One other site that had good information on this is here: Pastor Hacks

Wednesday, March 4, 2009

The Staleness Trap

Every couple of years I find myself losing motivation. Usually a promotion or exciting project will come up to interject some much needed life into my job. What do you do when you find yourself in a stale situation?

Get Creative

I believe everyone will eventually find the easiest way to go about their day. This is helpful for awhile it makes us more productive and effective. After time the excitement and challenge disappear leaving us bored. I often believe that when I’m in a rut it’s because I feel uninspired, lazy and unmotivated.

An object at rest tends to stay at rest and an object in motion tends to stay in motion with the same speed and in the same direction unless acted upon by an unbalanced force. –The Law of Inertia, Isaac Newton

The unbalanced force here is creativity. It is difficult and an unnatural feeling to change directions, but this is what we must do. Here are some items and or questions to ask yourself to spur creative ways to get of your rut:

  • Am I really doing the best job I can? Being a father, I find it even more helpful to ask myself, "am I doing the best job I can do for my kids?
  • What things can I improve here that I normally just ignore?
  • What pie in sky ideas would I like to accomplish here?
  • Is there a training course I can take that would give me more responsibility and new challenges?
  • Go outside of your normal role and look for fun things you’d enjoy doing and ask if you can do them.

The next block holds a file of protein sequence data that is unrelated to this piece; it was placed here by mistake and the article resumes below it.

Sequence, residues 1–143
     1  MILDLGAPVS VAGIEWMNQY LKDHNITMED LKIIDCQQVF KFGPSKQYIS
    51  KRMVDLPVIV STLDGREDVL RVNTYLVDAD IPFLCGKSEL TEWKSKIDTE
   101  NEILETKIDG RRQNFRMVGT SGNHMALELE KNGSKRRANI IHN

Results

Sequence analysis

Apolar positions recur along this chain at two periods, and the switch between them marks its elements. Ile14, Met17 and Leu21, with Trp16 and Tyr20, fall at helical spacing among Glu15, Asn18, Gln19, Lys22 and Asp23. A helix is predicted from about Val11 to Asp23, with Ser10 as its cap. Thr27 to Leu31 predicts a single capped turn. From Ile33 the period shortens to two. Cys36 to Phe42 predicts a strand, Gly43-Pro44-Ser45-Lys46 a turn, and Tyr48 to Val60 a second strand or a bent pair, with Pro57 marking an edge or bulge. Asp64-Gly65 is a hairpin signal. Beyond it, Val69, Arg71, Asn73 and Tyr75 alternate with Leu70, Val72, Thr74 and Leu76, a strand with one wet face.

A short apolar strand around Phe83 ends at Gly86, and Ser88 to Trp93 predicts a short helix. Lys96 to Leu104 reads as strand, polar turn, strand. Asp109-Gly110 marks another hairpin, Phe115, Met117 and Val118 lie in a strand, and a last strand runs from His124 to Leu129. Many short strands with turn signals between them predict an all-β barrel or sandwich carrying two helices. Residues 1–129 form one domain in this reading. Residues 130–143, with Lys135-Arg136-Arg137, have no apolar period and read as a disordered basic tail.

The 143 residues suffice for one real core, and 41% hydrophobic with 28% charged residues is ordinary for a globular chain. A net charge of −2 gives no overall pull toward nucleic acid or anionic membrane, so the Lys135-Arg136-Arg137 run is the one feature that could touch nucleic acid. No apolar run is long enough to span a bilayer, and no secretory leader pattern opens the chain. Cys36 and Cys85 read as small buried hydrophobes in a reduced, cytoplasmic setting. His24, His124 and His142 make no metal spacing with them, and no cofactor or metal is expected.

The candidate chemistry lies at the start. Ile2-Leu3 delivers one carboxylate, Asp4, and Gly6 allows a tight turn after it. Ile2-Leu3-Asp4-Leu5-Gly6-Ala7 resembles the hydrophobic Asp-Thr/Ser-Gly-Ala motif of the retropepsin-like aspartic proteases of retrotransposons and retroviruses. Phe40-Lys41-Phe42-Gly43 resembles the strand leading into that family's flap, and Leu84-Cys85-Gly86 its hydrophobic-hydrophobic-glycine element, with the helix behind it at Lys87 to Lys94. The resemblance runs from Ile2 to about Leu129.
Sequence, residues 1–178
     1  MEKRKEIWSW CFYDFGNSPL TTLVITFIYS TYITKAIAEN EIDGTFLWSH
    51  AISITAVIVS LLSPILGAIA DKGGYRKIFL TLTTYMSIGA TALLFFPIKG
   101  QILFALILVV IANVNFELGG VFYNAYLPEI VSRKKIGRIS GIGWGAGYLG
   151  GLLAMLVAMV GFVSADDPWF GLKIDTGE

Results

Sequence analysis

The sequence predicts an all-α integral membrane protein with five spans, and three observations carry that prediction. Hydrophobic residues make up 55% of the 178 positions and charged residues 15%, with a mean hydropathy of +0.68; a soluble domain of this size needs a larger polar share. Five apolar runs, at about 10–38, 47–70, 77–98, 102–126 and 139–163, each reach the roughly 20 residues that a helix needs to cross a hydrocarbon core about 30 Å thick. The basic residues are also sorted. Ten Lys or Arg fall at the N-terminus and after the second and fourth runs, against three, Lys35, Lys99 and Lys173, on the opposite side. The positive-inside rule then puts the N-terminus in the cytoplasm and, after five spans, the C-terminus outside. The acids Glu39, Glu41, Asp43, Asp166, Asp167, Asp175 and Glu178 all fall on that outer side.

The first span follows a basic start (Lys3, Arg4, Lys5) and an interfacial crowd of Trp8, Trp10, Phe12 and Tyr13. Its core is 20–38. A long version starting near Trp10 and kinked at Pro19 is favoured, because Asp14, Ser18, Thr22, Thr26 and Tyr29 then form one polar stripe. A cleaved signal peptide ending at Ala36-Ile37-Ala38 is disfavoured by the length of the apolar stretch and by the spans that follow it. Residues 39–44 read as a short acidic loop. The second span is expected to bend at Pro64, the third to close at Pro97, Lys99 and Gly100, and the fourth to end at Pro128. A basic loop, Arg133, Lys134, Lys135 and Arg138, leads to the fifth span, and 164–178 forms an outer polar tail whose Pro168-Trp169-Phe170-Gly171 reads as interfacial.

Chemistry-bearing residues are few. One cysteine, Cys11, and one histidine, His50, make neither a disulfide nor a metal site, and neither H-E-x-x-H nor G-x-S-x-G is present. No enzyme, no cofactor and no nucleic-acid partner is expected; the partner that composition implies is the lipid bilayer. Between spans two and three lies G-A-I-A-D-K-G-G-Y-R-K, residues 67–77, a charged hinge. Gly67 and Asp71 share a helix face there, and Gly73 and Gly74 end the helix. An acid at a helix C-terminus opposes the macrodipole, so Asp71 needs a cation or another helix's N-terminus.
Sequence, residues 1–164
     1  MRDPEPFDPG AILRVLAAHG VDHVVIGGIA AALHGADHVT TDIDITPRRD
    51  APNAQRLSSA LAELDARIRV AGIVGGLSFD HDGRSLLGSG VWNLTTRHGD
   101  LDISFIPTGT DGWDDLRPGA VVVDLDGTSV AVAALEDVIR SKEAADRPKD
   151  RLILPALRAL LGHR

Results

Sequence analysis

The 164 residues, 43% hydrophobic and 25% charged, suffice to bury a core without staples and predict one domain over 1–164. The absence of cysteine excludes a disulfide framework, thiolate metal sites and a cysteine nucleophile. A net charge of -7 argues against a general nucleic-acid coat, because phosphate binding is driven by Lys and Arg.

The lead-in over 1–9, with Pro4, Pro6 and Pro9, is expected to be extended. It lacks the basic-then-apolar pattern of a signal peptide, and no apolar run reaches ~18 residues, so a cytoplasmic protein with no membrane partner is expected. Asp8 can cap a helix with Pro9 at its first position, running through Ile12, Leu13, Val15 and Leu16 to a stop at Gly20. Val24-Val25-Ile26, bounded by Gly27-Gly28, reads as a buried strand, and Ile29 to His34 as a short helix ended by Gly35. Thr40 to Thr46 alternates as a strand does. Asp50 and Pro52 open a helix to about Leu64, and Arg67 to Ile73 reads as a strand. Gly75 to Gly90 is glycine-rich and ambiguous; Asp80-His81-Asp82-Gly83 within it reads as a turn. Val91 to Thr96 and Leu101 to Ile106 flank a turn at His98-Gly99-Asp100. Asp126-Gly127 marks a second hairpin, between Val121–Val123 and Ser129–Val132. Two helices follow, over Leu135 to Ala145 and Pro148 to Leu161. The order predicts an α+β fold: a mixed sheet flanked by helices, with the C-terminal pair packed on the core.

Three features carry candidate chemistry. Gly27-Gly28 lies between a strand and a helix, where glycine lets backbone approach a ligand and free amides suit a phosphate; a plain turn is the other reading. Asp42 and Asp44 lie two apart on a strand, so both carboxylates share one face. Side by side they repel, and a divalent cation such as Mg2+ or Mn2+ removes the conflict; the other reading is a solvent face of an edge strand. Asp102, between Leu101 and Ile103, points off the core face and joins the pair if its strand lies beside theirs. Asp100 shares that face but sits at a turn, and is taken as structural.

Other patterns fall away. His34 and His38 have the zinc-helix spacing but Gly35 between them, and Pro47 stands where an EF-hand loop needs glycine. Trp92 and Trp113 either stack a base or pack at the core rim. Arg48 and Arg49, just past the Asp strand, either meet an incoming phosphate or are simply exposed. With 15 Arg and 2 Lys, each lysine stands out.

Get Motivated

Once you have some ideas to work on you need to get motivated (check out this post on

Here are several ways I get myself motivated to make a change:

  • Make a public commitment (tell others your intentions so you have some accountability)
  • Plan your goals to accommodate your change.
  • Daily Reminders
  • Set deadlines if possible
  • Think positively (Avoid negative thoughts, learn from failures)
  • Read anything you can get your hands on about the change you are trying to make, this reinforces the momentum of change.

Within a few days of setting your new direction you should start to feel better. If not maybe you need to examine other aspects of your life.

Be proactive

I believe that unless permanent changes are made in the way you live your life you found yourself in this trap again. How can you prevent the staleness trap? The following are experimental ideas that I’m in the process of testing now:

  • Set a reminder once a month or week if need be to review your contentment. This reminder will hopefully keep you mindful of what is going on and trick yourself into not repeating the same mistakes.
  • I read somewhere (I’d tell you where if I remembered) that Benjamin Franklin kept a journal and at the end of each day would record his progress about personal development goals. I believe this is an excellent idea to help not only with keeping the freshness in your work but in continually growing as a person.